About Us


Welcome to Our Community


On 29, 1954, in the Marian Year, Mother Francis de Sales Cassidy, a native of Macon, and 9 Sisters of the Toledo Monastery, left to come to Atlanta to make the foundation of the Visitation Monastery, by the invitation of Archbishop Francis Edward Hyland. They purchased the former Candler home, and modeled it into a Monastery. The monks of the Monastery of our Lady of the Holy Spirit were great benefactors to the Community. The Sisters lived in that Monastery for 20 years. By then, the Sisters numbered eighteen, and in 1971, the Community purchased a 26 1/2 acre piece of land in Gwinnett County, on the outskirts of a small town called Snellville, with approximately 400 families. The Monastery was finished in 1974. As the land was a hay field, the Sisters named it Maryfield. The Sisters commuted frequently from the Atlanta Monastery to our new property to oversee the construction, to take care of the landscape, as well as vegetable gardens for the needs of the Community. The Sisters, all the while, were continuing to bake Altar Breads for the needs of the diocese.

On October 7, 1974, Archbishop Thomas E. Donnelan blessed the Chapel and Monastery, installing Papal enclosure. The Sisters invited neighbors and friends to tour the new Monastery before enclosure was put in place. God provided us with many more benefactors.

The Sisters made many ceramic Nativity sets, as well as beautiful statues and vases. Many of our Sisters were very talented musically with the organ, guitar, zither, and autoharp, even a harmonica!

Sisters from many different countries of origin joined us, as our Community had always been international- from Cuba, Canada, Italy, Germany, the Philippines, Colombia South America, India, Vietnam, Puerto Rico, as well as Sisters from all over the US.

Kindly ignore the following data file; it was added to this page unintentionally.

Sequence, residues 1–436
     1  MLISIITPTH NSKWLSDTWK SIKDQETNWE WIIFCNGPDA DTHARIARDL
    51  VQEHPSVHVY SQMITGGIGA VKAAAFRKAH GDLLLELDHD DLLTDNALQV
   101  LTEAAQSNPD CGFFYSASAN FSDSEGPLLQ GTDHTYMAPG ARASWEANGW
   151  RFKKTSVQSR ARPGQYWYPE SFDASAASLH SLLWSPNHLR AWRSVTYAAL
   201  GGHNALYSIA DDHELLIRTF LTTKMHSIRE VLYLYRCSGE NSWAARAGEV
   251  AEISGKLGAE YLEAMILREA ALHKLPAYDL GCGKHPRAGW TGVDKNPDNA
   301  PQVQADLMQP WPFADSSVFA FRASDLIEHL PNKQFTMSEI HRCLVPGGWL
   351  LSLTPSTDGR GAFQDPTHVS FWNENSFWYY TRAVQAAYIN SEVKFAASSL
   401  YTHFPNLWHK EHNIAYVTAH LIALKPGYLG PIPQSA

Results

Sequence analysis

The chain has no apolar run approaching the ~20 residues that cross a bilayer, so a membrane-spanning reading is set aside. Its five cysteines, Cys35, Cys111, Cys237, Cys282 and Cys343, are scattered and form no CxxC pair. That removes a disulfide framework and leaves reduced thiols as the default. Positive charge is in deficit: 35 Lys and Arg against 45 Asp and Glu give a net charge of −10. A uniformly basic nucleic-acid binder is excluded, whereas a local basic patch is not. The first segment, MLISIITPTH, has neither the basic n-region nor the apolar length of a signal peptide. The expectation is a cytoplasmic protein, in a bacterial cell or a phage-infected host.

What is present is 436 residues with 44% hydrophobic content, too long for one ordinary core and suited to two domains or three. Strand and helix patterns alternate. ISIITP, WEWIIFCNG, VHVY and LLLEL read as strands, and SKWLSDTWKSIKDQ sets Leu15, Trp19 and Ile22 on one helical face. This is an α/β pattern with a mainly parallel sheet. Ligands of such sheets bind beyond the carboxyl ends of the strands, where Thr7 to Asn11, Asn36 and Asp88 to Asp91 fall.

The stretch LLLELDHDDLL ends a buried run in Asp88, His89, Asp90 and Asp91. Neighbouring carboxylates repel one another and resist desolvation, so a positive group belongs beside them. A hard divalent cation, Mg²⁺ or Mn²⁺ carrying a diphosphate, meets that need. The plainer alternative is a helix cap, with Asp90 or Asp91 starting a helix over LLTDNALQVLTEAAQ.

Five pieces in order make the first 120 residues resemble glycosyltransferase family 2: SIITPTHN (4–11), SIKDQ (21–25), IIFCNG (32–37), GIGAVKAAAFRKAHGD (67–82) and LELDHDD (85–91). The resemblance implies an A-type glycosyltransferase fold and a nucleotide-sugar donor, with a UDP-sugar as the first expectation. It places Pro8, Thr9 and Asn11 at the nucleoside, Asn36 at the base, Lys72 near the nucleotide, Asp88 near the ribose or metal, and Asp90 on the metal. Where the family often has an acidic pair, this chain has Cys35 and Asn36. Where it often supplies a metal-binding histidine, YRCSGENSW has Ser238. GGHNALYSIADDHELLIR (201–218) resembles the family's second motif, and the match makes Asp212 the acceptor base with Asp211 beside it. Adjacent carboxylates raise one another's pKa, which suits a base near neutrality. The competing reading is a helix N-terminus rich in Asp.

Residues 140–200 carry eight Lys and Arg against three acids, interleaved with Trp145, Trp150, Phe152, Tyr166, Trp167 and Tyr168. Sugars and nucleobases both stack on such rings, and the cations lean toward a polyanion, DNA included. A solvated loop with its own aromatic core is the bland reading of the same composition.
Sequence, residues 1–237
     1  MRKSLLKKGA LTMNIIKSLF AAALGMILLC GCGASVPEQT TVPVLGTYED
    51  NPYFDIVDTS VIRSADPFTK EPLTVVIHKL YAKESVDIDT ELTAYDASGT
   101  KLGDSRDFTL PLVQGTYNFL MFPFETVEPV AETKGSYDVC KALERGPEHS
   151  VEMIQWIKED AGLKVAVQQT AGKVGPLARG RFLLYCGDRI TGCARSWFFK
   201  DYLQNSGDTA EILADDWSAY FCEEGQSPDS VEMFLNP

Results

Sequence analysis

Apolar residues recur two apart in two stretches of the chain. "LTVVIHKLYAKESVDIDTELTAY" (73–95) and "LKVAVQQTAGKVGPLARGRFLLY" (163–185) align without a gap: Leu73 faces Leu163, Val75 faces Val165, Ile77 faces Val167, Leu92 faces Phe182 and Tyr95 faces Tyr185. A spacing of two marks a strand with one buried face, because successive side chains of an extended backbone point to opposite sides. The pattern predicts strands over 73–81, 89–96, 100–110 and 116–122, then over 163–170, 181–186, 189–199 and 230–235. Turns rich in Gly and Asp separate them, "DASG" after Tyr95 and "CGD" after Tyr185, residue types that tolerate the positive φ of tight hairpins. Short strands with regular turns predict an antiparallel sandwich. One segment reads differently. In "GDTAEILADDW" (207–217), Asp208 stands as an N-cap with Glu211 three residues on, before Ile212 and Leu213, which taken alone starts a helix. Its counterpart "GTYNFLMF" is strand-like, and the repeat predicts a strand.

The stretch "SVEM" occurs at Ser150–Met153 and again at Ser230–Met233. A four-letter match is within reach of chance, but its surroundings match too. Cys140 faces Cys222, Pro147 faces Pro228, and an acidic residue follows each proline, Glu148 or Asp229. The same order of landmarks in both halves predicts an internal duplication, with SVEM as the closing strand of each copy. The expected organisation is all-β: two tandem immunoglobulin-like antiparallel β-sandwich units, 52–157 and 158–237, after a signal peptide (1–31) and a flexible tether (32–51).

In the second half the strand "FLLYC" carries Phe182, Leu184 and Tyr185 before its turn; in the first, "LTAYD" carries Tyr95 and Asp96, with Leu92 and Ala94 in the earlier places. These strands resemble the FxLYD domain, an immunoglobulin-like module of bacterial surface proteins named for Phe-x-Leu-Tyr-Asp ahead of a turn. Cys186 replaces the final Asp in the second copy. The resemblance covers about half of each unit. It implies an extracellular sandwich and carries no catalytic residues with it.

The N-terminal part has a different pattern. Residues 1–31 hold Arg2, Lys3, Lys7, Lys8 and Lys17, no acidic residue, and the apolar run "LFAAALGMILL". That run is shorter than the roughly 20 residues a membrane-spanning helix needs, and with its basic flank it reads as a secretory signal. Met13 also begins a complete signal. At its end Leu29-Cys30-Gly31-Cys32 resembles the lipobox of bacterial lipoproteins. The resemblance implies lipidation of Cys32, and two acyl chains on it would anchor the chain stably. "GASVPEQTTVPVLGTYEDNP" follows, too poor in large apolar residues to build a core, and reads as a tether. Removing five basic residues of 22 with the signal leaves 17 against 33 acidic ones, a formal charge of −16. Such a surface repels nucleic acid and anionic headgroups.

Through the years, many changes came to the building of the Monastery, as funds made it possible to build a complete Monastery. A Novitiate building was built in 1984; an additional wing with Chapter room, library, music room, art room, prayer room and new sewing room in 1990. The Chapel was redesigned putting the sanctuary where the front entrance had been, and giving the Sisters more space inside the enclosure. The simplicity of the Chapel is really the work of the Holy Spirit.

In 1995, we had the joy of accepting choir stalls that had been in Mary Ward’s Convent in London. Our Monastery of Stamullen, Ireland donated them to us free of charge, even as to shipping them. They are nearly 600 years old. We discovered they had been hand carved in Yorkshire, England with wood from trees that no longer exist there due to the war. There are over 180 flowers, no two alike, with 6 angels playing instruments (some of which we do not recognize), praying, or with a shield with a large S on it. The details are amazing. There are no nails in any of the stalls or kneelers!

Through the years, many Sisters came who had been very talented, with all kinds of work experience; some had been nurses, pharmacists, teachers, opera and concert singers, missionaries, accountants, librarians, beauticians, university professors, actresses on stage and TV, CPA’s, technicians, artists, insurance agents, workers for Delta airlines, housewives and mothers, and young women right out of high school.

Our Community

Meet the Sisters